Across Montgomery County, members of churches, synagogues and other religious institutions are opening their wallets, and in some cases their homes, to help the victims of Hurricane Katrina.
Religious organizations both big and small report raising thousands of dollars during services held on the two weekends since the hurricane devastated New Orleans and parts of the Gulf Coast.
In addition to raising money with special collections, bake sales and online drives, congregations are helping in other ways, including gathering donations of clothing and other supplies. Many are offering to help house hurricane victims and are planning to provide long-term assistance, according to members.
Some schools run by local churches and synagogues also are opening their doors to children displaced by the storm, often waiving tuition.
The Jewish Federation of Greater Washington, which is in Rockville, has raised $573,620 from 2,003 donors for hurricane relief efforts, surpassing fundraising for last year's tsunami victims by $3,000, according to federation officials. The money is part of $5 million raised nationwide by the United Jewish Communities.
"So when you look at the total, this community has put forth 10 percent of what the national organization has raised," spokeswoman Barbara Sherbill said.
At St. John the Baptist Church in Silver Spring, parishioners contributed $52,247 during services on the weekend of Sept. 3 and 4. An additional $9,015 was raised last weekend, for a total of $61,262, according to the Rev. Francis Kazista.
"I was just amazed that we got that wonderful response. I'm very happy about the whole thing," said Kazista, adding that church officials had quickly printed envelopes for the unplanned collection and placed them in pews that first weekend.
More than 50 parishioners also have volunteered to house students from Xavier University in New Orleans who have been invited to attend Howard University, he said.
"People are just responding everywhere around you," Kazista said.
During a similar collection at St. Elizabeth Catholic Church in Rockville, parishioners filled offering baskets with about $34,000 during the past two weekends, according to pastoral associate Kathy Swartz.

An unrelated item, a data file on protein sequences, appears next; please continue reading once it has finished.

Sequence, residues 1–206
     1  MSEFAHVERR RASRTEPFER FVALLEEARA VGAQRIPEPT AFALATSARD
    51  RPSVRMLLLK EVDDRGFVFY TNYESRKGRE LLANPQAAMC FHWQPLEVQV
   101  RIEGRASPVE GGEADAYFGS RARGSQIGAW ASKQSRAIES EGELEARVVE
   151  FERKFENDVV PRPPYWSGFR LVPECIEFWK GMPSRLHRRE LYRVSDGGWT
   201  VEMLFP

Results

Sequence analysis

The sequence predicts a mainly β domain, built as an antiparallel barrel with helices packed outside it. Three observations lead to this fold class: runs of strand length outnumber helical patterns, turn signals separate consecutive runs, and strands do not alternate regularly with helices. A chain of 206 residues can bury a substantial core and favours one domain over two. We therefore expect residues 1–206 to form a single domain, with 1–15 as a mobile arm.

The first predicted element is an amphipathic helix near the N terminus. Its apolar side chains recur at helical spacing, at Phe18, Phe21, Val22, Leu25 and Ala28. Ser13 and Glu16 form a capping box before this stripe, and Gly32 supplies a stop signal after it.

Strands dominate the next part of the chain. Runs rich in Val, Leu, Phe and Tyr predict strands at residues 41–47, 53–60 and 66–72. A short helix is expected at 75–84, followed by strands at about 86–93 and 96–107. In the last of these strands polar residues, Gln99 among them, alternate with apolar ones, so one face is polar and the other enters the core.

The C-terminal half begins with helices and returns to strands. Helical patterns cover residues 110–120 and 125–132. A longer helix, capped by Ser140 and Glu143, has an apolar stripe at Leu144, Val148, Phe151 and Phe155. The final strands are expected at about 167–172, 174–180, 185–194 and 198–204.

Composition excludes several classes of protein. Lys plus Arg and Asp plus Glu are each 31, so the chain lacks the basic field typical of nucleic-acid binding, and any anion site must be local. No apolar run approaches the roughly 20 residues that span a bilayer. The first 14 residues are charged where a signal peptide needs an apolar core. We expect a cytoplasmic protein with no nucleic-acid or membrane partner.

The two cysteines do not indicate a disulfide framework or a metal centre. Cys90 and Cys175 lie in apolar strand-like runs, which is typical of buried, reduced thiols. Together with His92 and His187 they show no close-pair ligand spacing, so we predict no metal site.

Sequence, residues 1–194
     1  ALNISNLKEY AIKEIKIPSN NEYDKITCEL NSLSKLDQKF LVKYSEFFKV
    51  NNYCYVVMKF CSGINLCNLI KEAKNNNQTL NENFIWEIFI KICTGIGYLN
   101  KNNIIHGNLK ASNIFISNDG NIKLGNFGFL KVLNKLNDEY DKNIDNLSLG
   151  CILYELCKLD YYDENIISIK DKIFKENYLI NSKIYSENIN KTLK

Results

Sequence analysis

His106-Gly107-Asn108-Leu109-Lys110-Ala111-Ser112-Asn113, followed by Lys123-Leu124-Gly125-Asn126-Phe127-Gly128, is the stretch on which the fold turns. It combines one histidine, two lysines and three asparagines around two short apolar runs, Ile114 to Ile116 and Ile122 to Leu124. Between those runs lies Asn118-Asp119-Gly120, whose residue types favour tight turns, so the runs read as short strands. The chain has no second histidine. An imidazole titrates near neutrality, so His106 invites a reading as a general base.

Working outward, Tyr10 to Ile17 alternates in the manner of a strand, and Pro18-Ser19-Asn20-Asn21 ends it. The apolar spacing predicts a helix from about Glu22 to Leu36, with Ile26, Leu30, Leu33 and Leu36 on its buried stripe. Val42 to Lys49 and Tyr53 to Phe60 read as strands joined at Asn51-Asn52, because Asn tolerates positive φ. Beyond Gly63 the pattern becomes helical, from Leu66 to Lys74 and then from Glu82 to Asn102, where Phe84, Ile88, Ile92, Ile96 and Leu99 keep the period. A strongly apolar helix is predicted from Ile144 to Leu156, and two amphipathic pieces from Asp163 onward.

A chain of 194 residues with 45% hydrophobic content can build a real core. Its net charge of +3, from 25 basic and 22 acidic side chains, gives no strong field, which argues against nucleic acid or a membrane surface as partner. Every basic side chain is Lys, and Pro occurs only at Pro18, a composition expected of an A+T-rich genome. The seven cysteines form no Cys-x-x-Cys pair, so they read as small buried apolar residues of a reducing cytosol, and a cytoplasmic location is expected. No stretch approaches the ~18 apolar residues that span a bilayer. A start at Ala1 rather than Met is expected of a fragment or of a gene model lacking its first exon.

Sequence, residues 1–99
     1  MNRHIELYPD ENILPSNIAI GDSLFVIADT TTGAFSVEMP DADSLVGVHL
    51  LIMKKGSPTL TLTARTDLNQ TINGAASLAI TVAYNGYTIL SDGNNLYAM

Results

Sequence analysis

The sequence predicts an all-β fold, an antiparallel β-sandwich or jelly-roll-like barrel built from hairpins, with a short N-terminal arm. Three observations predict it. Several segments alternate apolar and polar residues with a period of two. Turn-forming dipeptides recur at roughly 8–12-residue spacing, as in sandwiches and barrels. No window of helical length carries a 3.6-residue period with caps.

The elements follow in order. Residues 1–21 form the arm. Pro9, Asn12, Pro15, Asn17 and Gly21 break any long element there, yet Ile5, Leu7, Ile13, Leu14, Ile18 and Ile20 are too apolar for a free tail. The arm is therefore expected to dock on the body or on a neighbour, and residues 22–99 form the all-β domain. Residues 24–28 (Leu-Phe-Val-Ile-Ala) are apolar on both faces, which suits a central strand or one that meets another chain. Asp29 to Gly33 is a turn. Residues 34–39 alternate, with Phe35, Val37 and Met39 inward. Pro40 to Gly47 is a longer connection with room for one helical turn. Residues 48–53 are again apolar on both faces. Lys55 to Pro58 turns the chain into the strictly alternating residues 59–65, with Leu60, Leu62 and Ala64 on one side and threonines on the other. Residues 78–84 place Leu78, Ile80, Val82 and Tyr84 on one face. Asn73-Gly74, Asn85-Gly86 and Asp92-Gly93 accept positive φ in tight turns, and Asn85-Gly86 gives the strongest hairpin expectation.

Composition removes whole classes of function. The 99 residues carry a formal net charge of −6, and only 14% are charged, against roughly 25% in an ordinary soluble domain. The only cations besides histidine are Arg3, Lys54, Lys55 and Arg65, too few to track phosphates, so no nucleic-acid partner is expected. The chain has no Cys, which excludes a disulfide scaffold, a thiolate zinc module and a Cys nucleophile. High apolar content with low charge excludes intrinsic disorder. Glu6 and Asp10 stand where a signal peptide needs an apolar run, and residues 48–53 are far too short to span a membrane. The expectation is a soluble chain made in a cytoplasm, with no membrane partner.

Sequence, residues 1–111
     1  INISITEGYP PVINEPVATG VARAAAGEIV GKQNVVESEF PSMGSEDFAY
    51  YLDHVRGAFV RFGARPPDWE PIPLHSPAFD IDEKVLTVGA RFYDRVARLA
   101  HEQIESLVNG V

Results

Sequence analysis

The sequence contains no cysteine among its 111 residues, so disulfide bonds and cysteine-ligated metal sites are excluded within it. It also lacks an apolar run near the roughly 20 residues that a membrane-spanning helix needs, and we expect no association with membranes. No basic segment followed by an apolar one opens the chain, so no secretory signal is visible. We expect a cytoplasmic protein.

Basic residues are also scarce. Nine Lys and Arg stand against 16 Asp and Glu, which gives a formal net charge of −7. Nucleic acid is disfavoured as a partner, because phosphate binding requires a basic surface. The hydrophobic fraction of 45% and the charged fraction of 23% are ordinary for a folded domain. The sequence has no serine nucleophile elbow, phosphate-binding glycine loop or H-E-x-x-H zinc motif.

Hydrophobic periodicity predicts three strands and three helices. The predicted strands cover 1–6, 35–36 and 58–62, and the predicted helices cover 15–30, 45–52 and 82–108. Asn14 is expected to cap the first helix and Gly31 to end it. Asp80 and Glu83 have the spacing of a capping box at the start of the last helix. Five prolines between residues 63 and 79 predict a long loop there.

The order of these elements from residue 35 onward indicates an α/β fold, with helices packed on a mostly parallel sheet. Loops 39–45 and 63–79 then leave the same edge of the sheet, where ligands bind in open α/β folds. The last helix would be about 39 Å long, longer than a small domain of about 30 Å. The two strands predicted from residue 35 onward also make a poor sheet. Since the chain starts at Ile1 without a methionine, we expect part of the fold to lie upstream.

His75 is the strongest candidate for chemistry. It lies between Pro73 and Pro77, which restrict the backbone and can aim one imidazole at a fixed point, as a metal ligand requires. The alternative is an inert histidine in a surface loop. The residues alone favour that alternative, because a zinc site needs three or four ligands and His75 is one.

All Catholic churches in the county are collecting for hurricane relief efforts, according to Susan Gibbs, spokeswoman for the Archdiocese of Washington. She said that 100 percent of the donations will be used by Catholic Charities USA and dioceses in the affected areas to aid hurricane victims and rebuilding efforts.
Officials of all faiths say they will continue the collections indefinitely but also are exploring other ways to help what they recognize will be a long-term recovery effort. Some are planning to send teams from their congregations in coming months to help with rebuilding efforts.
"As long as people want to donate, it's an ongoing thing," said Jerry Orrell, administrative assistant at the First Baptist Church of Silver Spring.
At St. Paul's United Methodist Church in Kensington, parishioners are putting together health kits of personal-hygiene items and flood buckets full of cleaning supplies that will be distributed to hurricane victims by the United Methodist Committee on Relief. The church also has raised $15,000.
The Muslim Community Center in Silver Spring has collected $5,400 from its members and plans to continue collections for two more weeks, according to center volunteer Gulam Contractor.
At the Unitarian Universalist Church of Rockville, church officials are working on "how to help place families, take families in," in addition to collecting the $7,000 raised so far, said the Rev. Lynn Strauss.
Officials there are leaning toward joining with other Unitarian churches to rent an apartment so that a displaced family can have the privacy it needs, she said. The churches would pay for the apartment for one year with parishioners' donations.
While Strauss is pleased to see her congregation's willingness to provide immediate assistance for the hurricane victims, she noted that the catastrophe has helped put a spotlight on the need to help the poor no matter where they live.
"There are plenty of people right now in Montgomery County and in D.C. who need this kind of help," she said. "Even though we will feel that we already do a lot to help the poor, I feel this is going to spur the need" to do more.
At St. Elizabeth, church officials are trying to temper parishioners' urge to add to the massive flow of non-monetary donations being sent south by stressing the need to think about how the church can continue to help in the coming months.
"They've been hugely generous and everybody would like to do something more than just finances, but we're encouraging them that there's going to be a long-term need," Swartz said.
Officials are working with a parishioner who may be able to provide up to 50 seasonal jobs for displaced people. The church could then adopt the families and provide housing for them, she said.
Today, nearly 40 members of Global Vessels, based at Emmanuel Brinklow Seventh-day Adventist Church in Ashton, are scheduled to fly to Houston, where the volunteer doctors, social workers, counselors and others will stay several days to help the evacuees.
On Friday, the Rev. William Finch, pastor of St. Raphael's Catholic Church in Rockville, who had traveled to Houston hoping to persuade 50 evacuees to come back with him, returned with 25 people who will be living with parishioners.
As they continue planning and brainstorming on ways to help, religious leaders were quick to praise the generosity of their congregations and people across the country.
"Another amazing thing to come out of the darkness is that we have the resources to take care of everyone and they're pouring forth," Strauss said.